From The Telegraph:
It is the stuff of legend. The story of the wild-eyed maverick who was attacked, vindicated and then hailed as a green visionary who could save the world. The tale of the free thinker who could teach the establishment a thing or two. There’s no better way to underline James Lovelock’s evolution to an elder statesman of science than to read the foreword to The Vanishing Face of Gaia, written by none other than Lord Rees, Order of Merit, President of the Royal Society, Astronomer Royal, and the Master of Trinity College, Cambridge: “He is a hero to many scientists – certainly to me.”
He Knew He Was Right, an authorised biography by John Gribbin and Mary Gribbin, gives a good sense of Lovelock’s inspirational, independent spirit. There are all kinds of engaging stories about the conscientious objector, the husband who sold his blood (a rare type) to support his family, the boffin who froze and reanimated hamsters, and the cannibal who augmented his impoverished wartime diet by turning waste human blood into omelettes. Lovelock has notched up many achievements during his career, notably his invention of an instrument crucial for documenting the use of the pesticide DDT and ozone-destroying chlorofluorocarbons, the latter providing a foundation for studies revealing risks to the atmosphere’s protective ozone layer.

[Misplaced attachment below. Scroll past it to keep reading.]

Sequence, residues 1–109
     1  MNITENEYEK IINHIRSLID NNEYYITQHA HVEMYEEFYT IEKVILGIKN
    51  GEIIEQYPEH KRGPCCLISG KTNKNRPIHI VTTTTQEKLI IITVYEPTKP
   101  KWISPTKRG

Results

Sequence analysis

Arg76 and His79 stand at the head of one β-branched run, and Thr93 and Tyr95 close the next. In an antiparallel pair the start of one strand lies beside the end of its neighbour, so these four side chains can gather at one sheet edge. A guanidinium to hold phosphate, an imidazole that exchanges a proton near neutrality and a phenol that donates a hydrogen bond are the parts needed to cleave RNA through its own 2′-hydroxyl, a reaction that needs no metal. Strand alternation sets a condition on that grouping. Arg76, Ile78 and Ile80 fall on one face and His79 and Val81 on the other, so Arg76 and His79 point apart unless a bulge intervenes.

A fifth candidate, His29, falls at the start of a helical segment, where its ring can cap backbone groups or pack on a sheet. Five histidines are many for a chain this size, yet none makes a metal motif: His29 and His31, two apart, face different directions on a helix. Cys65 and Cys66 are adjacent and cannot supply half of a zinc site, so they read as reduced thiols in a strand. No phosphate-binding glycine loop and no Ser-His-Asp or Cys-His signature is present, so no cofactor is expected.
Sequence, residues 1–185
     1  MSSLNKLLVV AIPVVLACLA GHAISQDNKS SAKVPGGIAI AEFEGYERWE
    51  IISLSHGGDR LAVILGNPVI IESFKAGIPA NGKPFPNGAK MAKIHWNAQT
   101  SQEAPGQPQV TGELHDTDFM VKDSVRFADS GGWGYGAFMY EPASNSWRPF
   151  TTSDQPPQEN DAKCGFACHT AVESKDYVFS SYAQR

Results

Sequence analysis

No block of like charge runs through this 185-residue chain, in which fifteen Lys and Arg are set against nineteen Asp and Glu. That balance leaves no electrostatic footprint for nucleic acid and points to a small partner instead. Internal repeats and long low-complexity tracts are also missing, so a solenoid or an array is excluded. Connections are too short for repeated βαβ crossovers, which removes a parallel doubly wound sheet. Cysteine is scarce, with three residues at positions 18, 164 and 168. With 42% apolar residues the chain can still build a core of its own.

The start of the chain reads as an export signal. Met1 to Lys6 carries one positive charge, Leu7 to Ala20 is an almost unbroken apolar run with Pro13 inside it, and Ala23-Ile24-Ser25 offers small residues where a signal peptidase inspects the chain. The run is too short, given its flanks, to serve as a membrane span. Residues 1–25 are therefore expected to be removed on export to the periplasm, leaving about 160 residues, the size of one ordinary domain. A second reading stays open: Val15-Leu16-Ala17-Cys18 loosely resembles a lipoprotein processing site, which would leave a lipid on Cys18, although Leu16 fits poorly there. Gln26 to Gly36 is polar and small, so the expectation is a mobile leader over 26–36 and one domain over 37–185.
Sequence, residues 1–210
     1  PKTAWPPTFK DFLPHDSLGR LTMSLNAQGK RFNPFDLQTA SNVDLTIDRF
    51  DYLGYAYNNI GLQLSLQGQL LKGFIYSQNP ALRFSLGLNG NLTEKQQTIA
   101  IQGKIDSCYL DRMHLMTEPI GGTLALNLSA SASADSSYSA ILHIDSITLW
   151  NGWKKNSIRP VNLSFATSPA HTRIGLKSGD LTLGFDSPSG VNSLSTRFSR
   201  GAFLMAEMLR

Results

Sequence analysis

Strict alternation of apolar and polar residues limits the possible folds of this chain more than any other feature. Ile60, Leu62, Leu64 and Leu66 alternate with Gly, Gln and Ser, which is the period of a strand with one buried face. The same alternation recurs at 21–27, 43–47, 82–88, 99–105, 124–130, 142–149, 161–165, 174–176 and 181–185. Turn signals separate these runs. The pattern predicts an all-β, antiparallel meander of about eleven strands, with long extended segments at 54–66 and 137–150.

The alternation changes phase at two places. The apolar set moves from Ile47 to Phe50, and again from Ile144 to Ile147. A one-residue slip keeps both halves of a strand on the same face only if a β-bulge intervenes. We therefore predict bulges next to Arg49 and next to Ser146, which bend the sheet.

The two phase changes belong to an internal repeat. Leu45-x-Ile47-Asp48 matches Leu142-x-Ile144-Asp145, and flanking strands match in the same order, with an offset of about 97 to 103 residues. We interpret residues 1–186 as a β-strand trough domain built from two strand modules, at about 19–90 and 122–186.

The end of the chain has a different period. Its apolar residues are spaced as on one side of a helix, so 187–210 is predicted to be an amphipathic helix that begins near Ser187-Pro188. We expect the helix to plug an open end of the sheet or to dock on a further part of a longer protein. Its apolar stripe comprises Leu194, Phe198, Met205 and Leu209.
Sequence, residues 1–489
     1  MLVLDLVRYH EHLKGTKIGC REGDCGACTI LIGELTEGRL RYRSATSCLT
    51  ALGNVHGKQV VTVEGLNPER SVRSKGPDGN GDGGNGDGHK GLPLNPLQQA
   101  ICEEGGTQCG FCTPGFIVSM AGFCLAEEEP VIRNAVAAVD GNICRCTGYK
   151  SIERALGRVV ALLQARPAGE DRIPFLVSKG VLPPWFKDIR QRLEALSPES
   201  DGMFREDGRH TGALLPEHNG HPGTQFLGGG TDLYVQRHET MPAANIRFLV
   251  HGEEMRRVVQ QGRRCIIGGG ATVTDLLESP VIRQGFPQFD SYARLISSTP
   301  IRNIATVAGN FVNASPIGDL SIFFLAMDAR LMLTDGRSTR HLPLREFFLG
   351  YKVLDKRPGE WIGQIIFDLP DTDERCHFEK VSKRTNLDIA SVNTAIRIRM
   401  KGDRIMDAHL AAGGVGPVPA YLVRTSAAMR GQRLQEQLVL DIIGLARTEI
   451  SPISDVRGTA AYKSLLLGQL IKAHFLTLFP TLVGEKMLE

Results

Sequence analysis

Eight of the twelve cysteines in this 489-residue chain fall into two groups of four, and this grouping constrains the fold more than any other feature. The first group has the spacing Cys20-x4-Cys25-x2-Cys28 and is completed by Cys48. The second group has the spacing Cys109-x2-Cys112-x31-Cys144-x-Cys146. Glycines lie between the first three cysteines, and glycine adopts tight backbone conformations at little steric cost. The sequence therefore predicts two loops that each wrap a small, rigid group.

Lovelock is best known for introducing the world to the seductive idea of Gaia, which says the Earth behaves as though it were an organism. The concept first reached a wide audience in 1975 in an article published in New Scientist, but was ridiculed, attacked for being teleological, even mocked as an “evil religion”.